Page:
* At the Menlo Innovations “software factory” employees are paired together on projects, literally working on the same single computer at the same time. The pairs change every week. The goal is to prevent anyone in the company from holding a project hostage, and ensuring that everyone is comfortable giving critical feedback to coworkers regardless of their station.
* At MindValley, a Malaysian consulting firm, each employee is given a monthly allotment of 100 points to award to colleagues for their contributions. The five people with the most points at the end earn a “Monthly Awesome Community Award,” and a bonus of 2.5% of that month’s profits.
* At Brainpark, a San Francisco company that creates custom corporate e-learning and social software, the employees can vote the CEO and other top leaders out of office every six months. “It may seem madness for a founder to put themselves in the vulnerable position where they could be removed by the team but on the other side, who wants to lead a team that no longer respects their value?” says Brainpark CEO Mark Dowds. “Our hope is that by sticking to this process any leader in the company becomes aware earlier of their inadequacy and has six months to make the difference or plan their replacement.”
* At DaVita, the largest dialysis services provider in the U.S., and the first and only Fortune 500 company to make the WorldBlu list since its inception in 1999, employees vote on every decision–from logos to new business initiatives. The company is also decentralized, each of the 1,400 clinics has its own set of guidelines developed by the local administrator and “teammates.”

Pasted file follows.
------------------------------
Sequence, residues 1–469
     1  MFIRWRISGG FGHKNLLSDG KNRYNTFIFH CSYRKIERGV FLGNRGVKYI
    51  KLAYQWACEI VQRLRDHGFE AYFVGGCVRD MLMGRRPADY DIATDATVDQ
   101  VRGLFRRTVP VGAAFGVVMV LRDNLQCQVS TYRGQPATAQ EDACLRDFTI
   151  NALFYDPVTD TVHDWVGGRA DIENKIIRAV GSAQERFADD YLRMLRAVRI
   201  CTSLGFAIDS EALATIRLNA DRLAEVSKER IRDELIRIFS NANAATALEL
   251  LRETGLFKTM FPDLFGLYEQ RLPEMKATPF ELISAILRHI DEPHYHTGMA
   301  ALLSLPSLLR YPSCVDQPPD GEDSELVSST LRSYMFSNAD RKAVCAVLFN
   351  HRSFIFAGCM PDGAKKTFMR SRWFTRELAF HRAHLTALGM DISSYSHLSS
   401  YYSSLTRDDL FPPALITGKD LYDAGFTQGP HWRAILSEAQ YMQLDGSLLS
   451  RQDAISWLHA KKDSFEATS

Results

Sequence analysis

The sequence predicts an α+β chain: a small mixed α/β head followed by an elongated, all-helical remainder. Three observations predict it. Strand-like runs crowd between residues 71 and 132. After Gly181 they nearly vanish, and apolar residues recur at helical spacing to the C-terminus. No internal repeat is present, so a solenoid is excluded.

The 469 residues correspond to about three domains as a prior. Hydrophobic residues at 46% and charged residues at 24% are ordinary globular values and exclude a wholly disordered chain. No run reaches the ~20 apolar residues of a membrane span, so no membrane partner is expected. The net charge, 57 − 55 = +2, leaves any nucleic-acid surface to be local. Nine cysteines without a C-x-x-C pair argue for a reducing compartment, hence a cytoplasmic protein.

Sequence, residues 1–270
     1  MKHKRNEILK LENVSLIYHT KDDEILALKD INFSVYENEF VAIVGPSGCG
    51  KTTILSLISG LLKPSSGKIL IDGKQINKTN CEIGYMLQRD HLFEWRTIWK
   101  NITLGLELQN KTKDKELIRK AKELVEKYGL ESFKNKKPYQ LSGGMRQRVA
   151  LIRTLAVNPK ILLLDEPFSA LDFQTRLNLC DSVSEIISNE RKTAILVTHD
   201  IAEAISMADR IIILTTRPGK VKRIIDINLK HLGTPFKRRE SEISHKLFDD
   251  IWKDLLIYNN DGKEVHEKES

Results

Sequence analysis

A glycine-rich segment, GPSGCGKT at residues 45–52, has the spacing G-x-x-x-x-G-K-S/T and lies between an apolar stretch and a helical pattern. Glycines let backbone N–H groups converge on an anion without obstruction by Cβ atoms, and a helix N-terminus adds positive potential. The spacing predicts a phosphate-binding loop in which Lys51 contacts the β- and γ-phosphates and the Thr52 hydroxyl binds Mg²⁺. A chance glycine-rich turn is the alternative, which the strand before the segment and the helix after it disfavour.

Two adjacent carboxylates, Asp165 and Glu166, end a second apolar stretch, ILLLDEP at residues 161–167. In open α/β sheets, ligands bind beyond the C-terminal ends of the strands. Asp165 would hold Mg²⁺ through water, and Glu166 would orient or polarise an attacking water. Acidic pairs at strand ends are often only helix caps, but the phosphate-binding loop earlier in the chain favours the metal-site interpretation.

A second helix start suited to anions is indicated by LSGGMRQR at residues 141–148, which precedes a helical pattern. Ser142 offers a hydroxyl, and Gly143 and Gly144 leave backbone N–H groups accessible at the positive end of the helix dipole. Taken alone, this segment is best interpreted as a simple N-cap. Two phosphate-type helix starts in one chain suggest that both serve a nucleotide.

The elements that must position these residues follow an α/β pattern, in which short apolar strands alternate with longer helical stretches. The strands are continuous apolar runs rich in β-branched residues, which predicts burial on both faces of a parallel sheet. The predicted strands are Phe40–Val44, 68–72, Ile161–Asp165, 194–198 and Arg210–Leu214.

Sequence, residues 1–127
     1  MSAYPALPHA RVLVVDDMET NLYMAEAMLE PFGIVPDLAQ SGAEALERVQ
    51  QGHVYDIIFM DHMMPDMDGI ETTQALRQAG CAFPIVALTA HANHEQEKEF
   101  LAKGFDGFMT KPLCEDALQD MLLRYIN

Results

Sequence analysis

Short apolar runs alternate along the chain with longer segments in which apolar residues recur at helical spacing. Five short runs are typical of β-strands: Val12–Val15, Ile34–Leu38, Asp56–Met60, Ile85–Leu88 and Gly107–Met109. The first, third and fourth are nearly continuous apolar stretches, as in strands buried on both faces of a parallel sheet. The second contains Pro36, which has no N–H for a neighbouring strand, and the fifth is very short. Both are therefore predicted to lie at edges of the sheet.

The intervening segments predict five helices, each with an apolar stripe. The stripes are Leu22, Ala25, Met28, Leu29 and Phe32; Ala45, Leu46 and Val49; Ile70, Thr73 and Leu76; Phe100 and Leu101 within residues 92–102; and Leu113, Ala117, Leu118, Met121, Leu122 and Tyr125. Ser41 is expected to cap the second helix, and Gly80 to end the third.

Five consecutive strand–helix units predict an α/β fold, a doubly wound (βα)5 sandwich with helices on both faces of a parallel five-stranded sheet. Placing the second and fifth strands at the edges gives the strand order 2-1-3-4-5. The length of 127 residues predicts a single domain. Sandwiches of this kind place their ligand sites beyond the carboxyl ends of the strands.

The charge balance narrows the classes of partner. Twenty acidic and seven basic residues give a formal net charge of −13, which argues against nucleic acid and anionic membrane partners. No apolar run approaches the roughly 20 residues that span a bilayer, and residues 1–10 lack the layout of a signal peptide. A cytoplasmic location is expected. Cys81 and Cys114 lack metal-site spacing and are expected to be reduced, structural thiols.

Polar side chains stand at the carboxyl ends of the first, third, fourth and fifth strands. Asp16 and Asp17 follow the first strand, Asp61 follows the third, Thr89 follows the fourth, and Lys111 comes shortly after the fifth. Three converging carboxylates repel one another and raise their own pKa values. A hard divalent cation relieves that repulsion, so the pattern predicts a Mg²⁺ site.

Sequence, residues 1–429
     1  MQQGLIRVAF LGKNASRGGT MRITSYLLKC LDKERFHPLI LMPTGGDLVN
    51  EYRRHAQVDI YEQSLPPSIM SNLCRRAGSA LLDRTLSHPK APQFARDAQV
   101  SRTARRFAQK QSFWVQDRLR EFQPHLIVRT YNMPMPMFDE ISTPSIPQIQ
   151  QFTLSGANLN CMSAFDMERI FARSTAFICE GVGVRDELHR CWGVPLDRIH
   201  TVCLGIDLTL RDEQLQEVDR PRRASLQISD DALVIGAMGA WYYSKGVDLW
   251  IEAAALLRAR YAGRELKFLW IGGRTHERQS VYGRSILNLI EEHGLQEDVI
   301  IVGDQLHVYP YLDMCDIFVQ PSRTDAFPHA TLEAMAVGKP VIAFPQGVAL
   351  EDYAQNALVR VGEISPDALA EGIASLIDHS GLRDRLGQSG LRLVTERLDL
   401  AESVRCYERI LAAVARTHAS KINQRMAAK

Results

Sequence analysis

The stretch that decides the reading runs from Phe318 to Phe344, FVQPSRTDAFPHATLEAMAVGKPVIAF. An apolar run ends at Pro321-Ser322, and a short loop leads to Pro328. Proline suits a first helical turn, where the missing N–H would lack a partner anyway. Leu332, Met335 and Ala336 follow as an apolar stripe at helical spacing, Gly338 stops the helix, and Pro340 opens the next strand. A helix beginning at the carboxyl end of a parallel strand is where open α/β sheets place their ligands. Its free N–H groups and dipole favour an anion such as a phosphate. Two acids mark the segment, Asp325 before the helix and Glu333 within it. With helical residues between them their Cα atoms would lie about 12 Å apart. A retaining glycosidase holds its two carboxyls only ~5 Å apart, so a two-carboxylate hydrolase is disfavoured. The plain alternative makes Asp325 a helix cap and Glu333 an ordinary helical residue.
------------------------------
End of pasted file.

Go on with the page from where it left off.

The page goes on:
Eleven of the 40 companies on the list this year practice salary transparency (yep, everyone from the CEO to the receptionist knows exactly what everyone else earns). The all-natural chocolate maker SweetRiot opens its books to all employees each Monday for discussion. The multi-million dollar producer and distributor of mate tea, Guayaki, lets the staff determine how to divvy up budgets and set sales targets both regionally and for the company as a whole.
The companies, that pay a fee to take part in the survey, are evaluated using a tool that measures how well an organization lives up to a list of ten democratic principles outlined by WorldBlu, such as transparency, integrity, and accountability and choice in leadership. The survey is then completed by the company’s employees, and reviewed by WorldBlu, which is a non-profit.
There are plenty of other interesting stories from the list, which you can find on these profile pages.